The whole world is aware of Newton’s famous law of equal and opposite reaction. The amount of pressure exerted by my hand in rest on the table is bound to experience the same force upwards. Here, a balance is maintained by both the hand and the table by exerting an equal amount of force on each other. If this law fails to prevail then my hand will get plunged into the table. Such will be the case of all the proud monuments we see whose tips kiss the azure blue sky. None living or non-living shall be able to exist if the ground on which both stands fails to exert an equal amount of force. This is karma, or in the language of science the law of causality which says whatever one does, it only receives back with the same intensity and amount.
Well, long before the apparent observation of Newton, sages of India had already realized the universal principle of Karma that governs all things whether living or non-living. Whatever Karma an individual commits with his thoughts, words and deeds come back to him to the same degree. Say, one is very angry and permeates the atmosphere with his fury then far from bliss, he’ll experience the same anger. It could be mentally, emotionally, physically and from those around him, in short socially. The Buddha and the Geeta declare Karma to be the very law of the universe that regulates all matter and living, transcending time and space.
The Rigveda mentions a lot about Karma but, limits its essence to ritual practices. The concept of Karma has been further extended and analyzed in-depth in the Upanishads.
The Lotus Sutra which is the core of Buddhism explains karma from a very practical perspective. It encompasses the past, present, and future. The sutra reads: “Present is dependent on the actions of the past, the future depends on the actions being committed in the present, and the present once was future and is soon to turn into past.”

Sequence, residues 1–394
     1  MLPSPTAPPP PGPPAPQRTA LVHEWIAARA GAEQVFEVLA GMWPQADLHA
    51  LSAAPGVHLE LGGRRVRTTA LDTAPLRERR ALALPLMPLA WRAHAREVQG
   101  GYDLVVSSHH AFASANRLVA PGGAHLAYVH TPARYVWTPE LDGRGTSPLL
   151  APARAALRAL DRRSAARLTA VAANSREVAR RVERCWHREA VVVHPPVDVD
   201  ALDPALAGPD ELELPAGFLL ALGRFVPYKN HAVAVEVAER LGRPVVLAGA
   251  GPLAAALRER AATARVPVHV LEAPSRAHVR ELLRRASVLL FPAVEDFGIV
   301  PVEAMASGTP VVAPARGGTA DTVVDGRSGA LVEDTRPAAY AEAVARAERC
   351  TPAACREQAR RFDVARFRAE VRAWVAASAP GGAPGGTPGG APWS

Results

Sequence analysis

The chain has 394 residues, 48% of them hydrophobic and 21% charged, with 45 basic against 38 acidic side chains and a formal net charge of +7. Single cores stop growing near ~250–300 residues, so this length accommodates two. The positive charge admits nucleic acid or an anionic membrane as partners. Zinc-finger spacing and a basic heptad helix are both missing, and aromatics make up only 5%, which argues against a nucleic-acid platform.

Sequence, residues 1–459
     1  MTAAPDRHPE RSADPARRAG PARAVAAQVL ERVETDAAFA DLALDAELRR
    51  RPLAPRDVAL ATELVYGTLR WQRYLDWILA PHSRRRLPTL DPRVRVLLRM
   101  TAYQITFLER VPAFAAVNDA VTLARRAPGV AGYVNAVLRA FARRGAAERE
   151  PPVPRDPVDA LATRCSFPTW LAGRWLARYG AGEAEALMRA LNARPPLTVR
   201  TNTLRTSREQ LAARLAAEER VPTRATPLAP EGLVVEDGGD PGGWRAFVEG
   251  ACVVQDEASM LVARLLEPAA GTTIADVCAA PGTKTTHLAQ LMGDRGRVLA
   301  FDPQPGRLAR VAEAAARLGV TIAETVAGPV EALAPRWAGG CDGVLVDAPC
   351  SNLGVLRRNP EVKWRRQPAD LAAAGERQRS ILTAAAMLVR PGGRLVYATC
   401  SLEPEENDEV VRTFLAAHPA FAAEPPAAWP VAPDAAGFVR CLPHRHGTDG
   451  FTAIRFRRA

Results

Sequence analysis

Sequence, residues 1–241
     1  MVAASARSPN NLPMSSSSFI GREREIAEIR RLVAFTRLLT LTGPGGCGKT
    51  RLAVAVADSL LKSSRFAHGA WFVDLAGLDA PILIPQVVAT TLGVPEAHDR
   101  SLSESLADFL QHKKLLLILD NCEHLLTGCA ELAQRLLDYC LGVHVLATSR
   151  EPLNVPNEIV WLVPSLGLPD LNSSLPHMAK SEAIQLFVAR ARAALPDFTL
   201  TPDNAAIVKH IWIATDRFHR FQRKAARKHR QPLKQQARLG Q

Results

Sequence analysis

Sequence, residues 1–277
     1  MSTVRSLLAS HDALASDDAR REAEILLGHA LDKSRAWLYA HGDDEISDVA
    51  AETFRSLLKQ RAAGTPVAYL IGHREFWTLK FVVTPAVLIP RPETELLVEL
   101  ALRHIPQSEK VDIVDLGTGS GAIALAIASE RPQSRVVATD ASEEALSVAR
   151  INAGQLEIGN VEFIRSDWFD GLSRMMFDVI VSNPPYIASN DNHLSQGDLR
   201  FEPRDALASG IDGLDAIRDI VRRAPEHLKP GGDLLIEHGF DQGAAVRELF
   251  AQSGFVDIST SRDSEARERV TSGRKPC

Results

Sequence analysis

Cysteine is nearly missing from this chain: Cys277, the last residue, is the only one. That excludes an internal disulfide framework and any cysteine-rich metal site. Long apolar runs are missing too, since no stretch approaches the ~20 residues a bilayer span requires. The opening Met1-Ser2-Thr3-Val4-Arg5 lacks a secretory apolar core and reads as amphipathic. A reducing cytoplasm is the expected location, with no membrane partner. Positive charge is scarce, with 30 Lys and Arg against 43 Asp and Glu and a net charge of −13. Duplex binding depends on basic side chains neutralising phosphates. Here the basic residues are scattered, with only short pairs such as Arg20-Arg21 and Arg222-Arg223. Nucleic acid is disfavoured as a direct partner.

Here is where all phenomenon lies. One’s mere intellect and muscle power cannot help prevent the consequences of the wrong deeds committed. If it were so then, Adolf Hitler and Bakhtiyar Khilji would have been the happiest people to have ever walked on earth.
The question of Karma has often given rise to complex controversies, arguments, debates, and ceaseless theories. Does Karma exist, or is it purely abstract in nature? Is Karma something irrelevant to be discussed, and believed in with respect to today’s time? Life quite obviously is limited to our flesh made of sperm and blood, isn’t it? So, what value does karma hold in front of this fact?
A scholar and poet, Mr. Daisaku Ikeda who is the president of the Buddhist organization Sokka Gakkai International which promotes the propagation of the Buddha’s intent based on the Lotus Sutra has given a very lucid explanation for the unseen law of karma. He says, “Unless our lives are eternal, how do we come to terms with the inequality into which people are born? This question remains”.